Addressing the Consulate talk, from the Morocco panel

Republic Underground
April 19, 2021

The Moroccan sovereignty of the Western Sahara expert panel by Republic Underground provided keen insights into the political processes now taken to ensure the resolution of the conflict. This was presented in the Q&A segment of the event, moderated by Timberwolf Phoenix LLC’s Irina Tsukerman.

The panel discussed some of the leading issues debated in the process. The experts addressed questions and misinformation surrounding the new U.S. consulate to the recognized region. Tsukerman addressed the question of the virtual US consulate in Dakhla. She noted that Morocco’s adversaries attempted to spread disinformation in this regard, claiming that this virtual presence was an intentional shift in U.S. policy toward the newly recognized process. Tsukerman noted that she believed the best way to put speculation to rest was to discuss possibilities in practical terms. She noted the issues of disinformation surrounding the physical consulate opening, as well as regarding the Sahara conflict as a whole.

Discussing Morocco’s sovereignty in the Western Sahara

Flanagan noted that the consulate would have a prominent role in enforcing this continuation of processes and cited Morocco’s efficacy thus far in extending consulate service to the people.

“The Consulate will legitimize the process of Morocco continuing loving its people,” said Flanagan, referring to the regional vice presidents on the panel and the processes they had detailed. He noted the importance of economic and regional growth that the U.S. Embassy will serve to enforce.“I believe the consulate is incredibly important, perhaps more important than any other consulate in the world with regards to its political situation,” said Flanagan. He then noted the importance of the consulate in terms of serving as a “frontline bulwark” for the integration of those who have, until recently, been under the loosely defined leadership of the Polisario.“As they integrate, and I believe they will, it will be directly through this region, and that consulate will be very important,” he said, noting that the consulate was not just a “symbol of international blessing” but it is important as a symbol of the U.S. friendship with Morocco, and enforcement of their integration efforts as the sovereign in this region.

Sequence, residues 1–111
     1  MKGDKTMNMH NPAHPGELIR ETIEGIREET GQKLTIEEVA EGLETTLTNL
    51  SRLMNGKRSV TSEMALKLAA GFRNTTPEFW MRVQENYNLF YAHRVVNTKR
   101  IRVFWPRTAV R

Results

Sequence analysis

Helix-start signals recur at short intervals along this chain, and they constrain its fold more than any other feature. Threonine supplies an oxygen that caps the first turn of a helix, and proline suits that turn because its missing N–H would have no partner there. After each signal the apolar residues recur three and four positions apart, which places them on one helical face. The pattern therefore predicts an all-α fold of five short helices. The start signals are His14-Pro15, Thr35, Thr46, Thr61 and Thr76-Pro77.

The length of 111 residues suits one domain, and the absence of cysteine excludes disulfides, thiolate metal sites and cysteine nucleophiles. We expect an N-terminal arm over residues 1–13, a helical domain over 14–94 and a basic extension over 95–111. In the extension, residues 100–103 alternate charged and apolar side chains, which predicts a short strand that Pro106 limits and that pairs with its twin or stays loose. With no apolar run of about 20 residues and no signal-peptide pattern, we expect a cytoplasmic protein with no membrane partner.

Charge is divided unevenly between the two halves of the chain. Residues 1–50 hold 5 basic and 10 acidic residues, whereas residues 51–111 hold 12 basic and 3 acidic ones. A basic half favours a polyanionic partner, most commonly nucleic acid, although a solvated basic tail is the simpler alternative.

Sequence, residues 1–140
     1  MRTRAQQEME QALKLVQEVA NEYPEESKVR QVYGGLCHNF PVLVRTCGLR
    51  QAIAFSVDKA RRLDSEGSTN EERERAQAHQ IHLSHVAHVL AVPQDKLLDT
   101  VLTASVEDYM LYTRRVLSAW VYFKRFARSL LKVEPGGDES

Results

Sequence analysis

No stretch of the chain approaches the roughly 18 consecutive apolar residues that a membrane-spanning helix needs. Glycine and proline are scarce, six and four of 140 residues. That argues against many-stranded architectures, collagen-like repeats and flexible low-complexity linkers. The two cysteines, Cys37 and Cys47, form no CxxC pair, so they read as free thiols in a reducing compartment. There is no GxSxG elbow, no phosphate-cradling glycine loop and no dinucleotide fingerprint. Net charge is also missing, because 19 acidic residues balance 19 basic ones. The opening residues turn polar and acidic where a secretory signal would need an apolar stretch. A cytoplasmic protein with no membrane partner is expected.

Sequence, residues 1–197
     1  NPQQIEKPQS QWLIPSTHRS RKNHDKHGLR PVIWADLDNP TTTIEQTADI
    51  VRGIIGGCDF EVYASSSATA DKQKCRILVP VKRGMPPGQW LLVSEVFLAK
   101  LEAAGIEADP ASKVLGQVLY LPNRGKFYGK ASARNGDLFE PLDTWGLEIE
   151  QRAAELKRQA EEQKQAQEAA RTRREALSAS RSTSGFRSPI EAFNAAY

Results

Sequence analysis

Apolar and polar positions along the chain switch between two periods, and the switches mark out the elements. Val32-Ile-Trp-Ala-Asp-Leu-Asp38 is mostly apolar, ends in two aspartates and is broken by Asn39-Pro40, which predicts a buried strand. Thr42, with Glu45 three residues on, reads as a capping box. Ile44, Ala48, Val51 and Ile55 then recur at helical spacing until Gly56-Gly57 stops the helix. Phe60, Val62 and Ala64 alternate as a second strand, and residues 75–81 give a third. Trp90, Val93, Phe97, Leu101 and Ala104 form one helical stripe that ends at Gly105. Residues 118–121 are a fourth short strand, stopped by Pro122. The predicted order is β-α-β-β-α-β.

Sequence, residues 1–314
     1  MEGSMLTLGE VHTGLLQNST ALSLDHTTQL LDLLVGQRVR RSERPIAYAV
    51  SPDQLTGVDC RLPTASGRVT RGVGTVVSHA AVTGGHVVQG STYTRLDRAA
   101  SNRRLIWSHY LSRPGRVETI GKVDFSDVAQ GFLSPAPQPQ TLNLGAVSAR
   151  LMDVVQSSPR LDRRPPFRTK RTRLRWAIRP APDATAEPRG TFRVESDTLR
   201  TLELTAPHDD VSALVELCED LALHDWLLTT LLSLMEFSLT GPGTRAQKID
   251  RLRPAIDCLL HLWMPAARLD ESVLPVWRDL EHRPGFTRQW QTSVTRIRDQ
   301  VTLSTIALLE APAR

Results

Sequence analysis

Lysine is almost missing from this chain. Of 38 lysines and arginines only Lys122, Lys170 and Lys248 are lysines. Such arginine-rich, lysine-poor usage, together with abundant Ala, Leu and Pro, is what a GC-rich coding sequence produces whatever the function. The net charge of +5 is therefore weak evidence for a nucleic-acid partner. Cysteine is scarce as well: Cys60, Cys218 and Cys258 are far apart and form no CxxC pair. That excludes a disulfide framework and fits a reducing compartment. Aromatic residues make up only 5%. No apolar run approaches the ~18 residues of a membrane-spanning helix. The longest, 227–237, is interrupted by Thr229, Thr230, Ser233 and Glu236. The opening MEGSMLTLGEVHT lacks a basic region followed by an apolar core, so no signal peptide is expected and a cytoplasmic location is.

“Thank you so much. To address another related challenge, COVID has forced the closure of many structures around the world, not just in Morocco. There has been a virtual consulate service available, and those services have been uninterrupted. Again, to address some of the disinformation. Again, I think we can all agree that the last thing anyone would want is for long-term allies of the U.S. to fall victim to partisan bickering,” said Tsukerman, focusing on the physical position of the consulate.

“To that effect, I direct my question, too, regarding the function of the consulate, what role can it play in the future, once everything opens up, in facilitating not only its function of providing visas and so forth, but also in serving and important diplomatic role in the U.S. and a role in engaging in infrastructural and people-to-people issues?”Abba Mohamed, vice president of Laayoune, addressed the question, noting the historical importance for the Moroccan regions in focus.

He stated the region in focus has a geographical position that is a short flight to the United States, no more than four to five hours, and that American companies are interested in establishing the business in the region, a purpose for which the consulate services are integral.

He also noted how previous U.S. administrations had recognized the importance of Moroccan regional sovereignty for the economic development process of the Sahara. He noted that the presence of consulate services and economic stability brought on by cooperation would benefit Europe as well. He listed, likewise, the number of incoming consulates from the west.

“Rethinking education emphasis”Nancy Huff, from the Moroccan Panel

Tsukerman noted that France was likely on the list to open a new consulate in Morocco, following a western trend of opening consulates in Laayoune and Dakhla. Ghalla Bayia, vice president of Dakhla, then added context to the consulate process.

“I just want to add that the virtual consulate is already operating. Already, we receive large American investments that are searching for opportunities,” she said, noting that Dakhla expects a large U.S. investment that will create many jobs.

Check back for more updates and analysis.